Stakeholders and private citizens around the world are taking notice of this place of privilege and power. Increasingly, they are demanding that the responsibilities of corporate citizens be proportionate to their privileges.

Consumers expect financially successful companies to improve the welfare of society. Firms do this by engaging in socially responsible activities. Consumers believe that firms with better financial performance are more equipped to act in a socially responsible manner.

Be sure to check out Network for Business Sustainability’s article How to Create and Leverage a Responsible Corporate Image. It is an interesting summary of research comparing the Tylenol fiasco, the Exxon Valedez spill and Johnson & Johnson’s enduring positive reputation – each demonstrating that “a responsible corporate image is hard to build and easy to lose.”

A Citizenship of Potential

There is a growing consensus that it is the corporation – as opposed to national governments – that may be better positioned to address social and environmental problems on a global scale. Hart, a Professor of Management at Cornell University’s Johnson School of Management, posits four reasons “Why Companies – Not Governments – Will Solve the World’s Biggest Problems.”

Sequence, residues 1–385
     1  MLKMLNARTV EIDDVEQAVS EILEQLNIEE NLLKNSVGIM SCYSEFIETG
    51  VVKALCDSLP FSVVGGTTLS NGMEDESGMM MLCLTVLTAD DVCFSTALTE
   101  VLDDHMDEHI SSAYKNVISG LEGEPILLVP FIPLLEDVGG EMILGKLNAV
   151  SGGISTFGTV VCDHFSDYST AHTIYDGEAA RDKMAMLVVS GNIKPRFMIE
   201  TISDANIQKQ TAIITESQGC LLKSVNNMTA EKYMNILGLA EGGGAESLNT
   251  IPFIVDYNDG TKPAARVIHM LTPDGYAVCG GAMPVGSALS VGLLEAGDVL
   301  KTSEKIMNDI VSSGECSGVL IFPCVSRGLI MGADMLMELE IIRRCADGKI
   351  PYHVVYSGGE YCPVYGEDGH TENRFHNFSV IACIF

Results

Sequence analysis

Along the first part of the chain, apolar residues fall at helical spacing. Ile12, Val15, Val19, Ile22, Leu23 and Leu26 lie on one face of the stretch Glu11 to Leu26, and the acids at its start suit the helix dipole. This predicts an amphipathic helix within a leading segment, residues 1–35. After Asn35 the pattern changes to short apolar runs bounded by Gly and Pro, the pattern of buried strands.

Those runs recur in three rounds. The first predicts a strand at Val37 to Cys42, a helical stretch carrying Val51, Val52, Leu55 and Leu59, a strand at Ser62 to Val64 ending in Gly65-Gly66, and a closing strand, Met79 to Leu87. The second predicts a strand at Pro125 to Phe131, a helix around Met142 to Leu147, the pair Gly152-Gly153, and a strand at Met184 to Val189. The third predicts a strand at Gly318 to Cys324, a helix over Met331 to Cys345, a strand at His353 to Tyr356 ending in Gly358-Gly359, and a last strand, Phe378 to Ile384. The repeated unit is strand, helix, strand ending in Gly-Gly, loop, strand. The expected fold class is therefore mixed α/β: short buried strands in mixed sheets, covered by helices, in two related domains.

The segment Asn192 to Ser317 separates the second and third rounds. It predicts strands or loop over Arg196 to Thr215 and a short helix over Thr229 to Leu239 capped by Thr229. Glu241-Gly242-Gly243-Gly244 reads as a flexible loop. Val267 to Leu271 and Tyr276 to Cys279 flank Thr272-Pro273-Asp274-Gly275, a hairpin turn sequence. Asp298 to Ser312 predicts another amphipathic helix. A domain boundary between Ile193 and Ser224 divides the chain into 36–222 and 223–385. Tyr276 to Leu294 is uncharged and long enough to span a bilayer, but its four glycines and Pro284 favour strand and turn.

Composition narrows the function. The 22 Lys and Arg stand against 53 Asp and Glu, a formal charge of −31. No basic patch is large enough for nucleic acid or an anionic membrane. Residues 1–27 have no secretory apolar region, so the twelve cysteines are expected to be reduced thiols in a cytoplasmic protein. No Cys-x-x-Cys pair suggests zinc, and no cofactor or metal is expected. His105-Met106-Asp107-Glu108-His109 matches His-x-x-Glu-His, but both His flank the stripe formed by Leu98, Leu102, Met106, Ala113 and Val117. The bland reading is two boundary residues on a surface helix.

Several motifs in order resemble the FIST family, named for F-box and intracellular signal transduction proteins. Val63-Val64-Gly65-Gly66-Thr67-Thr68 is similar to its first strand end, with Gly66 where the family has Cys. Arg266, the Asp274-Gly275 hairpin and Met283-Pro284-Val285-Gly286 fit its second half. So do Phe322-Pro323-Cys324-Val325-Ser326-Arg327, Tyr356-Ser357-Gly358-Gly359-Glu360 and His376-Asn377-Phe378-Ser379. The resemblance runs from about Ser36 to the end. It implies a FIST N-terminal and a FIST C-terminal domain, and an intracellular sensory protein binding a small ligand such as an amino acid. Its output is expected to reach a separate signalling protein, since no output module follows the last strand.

1. Politics: The power of “incumbency” has rendered government a conservative (rather than progressive) force, protecting the interests of those seeking to perpetuate “yesterday’s” solutions.
  2. Scope: Corporations are becoming increasingly global in scope, making them ideally suited to address trans-boundary problems.
  3. Perspective: Corporations may be even better positioned than governments to understand – and respond to – many emerging societal needs. Not the broad and abstract “public interest” trumpeted by enlightenment thinkers, but the on-the-ground “micro” interests of actual individuals, families and communities.
  4. Motive: The profit motive can thus accelerate (not inhibit) the transformation toward global sustainability, with civil society, governments and multilateral agencies all playing crucial roles as collaborators and watchdogs.

Is it Happening?